Winter Voice Care

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Winter Voice Care

winter-22506_1280Regularly use your voice at work?  If your voice tires frequently, or you’re experiencing seasonal laryngitis, here are some tips on keeping your voice in tip-top shape:

 

  • Avoid caffeine, alcohol, and smoking (or second hand smoke), which dry out the vocal cords and surrounding tissue.
  • Sip water all day.
  • Keep yourself hydrated.  Eat “wet foods” during the day, such as soups and fruits, and sip water while speaking.
  • Avoid dairy products, oily foods, and mayonnaise during lunch if you will be speaking after lunch.  These make you feel as if you need to clear your throat, which strains your vocal cords.
  • Rest your voice and use it less if you feel that it is starting to sound hoarse.  If your voice feels tired, be quiet and try not to talk for the rest of the day.
  • Avoid cough drops and mints, as they irritate the vocal cords.  Instead, try lemon drops (hard candy) or ice chips.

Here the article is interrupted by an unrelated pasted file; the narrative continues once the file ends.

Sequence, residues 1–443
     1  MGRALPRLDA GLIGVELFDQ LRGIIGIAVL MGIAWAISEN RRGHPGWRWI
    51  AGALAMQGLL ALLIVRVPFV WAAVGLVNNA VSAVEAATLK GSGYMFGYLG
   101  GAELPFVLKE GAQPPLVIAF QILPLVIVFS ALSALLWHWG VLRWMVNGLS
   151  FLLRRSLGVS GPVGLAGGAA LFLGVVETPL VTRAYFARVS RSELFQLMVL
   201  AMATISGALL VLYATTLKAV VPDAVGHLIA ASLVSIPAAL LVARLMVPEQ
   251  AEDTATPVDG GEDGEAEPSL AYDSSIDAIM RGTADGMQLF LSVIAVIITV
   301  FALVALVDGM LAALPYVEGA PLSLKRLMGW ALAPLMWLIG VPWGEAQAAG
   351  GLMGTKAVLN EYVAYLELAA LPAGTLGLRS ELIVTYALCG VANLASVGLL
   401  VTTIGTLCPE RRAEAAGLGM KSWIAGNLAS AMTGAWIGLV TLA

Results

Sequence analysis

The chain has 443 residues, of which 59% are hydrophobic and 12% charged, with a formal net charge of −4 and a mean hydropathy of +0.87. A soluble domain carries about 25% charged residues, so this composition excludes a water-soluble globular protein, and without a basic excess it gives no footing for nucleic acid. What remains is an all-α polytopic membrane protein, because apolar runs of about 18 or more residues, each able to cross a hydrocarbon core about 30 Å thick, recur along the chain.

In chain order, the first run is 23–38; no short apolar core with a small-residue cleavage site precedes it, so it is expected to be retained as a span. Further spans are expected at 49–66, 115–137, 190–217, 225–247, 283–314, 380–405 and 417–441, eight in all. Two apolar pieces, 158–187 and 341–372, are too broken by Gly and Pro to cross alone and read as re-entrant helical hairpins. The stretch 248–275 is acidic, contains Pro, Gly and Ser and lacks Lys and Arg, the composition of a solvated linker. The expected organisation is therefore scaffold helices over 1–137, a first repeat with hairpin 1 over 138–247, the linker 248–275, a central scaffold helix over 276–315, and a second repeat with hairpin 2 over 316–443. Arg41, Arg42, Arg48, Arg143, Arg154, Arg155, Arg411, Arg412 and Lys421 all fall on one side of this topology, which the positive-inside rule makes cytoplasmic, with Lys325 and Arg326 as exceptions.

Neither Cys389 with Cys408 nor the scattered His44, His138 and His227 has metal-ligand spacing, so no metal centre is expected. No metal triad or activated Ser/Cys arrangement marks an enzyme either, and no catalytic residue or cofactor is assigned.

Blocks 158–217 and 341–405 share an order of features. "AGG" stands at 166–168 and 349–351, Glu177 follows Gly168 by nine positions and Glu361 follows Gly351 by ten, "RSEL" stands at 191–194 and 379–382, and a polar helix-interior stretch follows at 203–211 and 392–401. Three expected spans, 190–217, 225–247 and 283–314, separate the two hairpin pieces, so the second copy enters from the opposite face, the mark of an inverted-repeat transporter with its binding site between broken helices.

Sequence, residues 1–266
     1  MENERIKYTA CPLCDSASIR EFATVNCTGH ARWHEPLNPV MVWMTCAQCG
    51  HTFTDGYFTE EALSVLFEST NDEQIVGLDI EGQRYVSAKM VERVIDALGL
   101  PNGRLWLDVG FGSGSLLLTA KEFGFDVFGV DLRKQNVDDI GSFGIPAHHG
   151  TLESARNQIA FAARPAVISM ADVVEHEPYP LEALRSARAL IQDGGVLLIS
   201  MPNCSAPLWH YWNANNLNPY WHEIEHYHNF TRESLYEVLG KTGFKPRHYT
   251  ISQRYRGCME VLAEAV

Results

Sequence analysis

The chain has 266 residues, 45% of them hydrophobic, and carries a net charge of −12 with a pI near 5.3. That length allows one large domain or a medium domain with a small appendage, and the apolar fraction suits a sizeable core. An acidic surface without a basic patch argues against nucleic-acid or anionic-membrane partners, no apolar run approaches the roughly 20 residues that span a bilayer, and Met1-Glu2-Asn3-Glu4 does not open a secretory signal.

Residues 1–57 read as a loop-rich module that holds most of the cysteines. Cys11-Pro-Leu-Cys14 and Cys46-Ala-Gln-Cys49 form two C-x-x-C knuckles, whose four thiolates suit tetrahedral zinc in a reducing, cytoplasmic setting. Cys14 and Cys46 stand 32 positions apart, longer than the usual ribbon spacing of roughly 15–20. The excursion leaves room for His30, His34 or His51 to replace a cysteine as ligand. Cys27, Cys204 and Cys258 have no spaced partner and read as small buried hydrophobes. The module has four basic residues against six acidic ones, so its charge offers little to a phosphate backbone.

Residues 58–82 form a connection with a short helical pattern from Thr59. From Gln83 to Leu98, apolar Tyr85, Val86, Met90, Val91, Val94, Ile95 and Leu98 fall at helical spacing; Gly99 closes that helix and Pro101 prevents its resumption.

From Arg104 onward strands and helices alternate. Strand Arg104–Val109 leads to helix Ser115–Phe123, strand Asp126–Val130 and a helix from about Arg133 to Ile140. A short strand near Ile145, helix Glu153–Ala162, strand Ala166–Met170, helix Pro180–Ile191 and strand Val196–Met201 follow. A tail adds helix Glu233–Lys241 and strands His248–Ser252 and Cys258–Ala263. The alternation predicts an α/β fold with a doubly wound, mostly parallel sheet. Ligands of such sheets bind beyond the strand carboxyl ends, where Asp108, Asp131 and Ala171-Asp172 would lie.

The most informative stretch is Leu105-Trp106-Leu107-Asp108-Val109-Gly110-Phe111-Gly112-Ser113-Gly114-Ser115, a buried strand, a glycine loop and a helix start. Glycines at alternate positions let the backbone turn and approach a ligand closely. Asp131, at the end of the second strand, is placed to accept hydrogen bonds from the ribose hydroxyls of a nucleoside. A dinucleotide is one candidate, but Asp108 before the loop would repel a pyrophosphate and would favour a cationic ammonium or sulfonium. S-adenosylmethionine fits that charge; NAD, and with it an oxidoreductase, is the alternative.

• Inhale steam from a tea kettle or while in the shower.  Inhale slowly through your nose.
  • Try a vaporizer at night while you sleep for added humidity during cold winter nights.

If you continue to experience difficulty, seek help early; don’t wait for a chronic pain to develop. A voice evaluation can be a business lifesaver for many.  Speaking techniques and vocal protection techniques can be taught that will conserve the voice and prevent long-term problems with your voice. For more information or to schedule a voice assessment with Ellen Dunnigan, call 317-218-5111, or visit www.AccentOnBusiness.net.

About the Author:

Ellen Dunnigan founded Accent On Business in 2001 specializing in public speaking, communication skills, and executive presence for leaders in business. She has 25 years of experience with professional and nonprofessional speakers in healthcare, media, politics, engineering, sports, and other industries. Ellen’s coaching in speaking skills gives established and emerging leaders greater confidence and credibility. Her leadership programs in accountability, alignment, difficult conversations, and organizational communication have helped leaders expand their influence. Ellen is known for her practical “how to” style.
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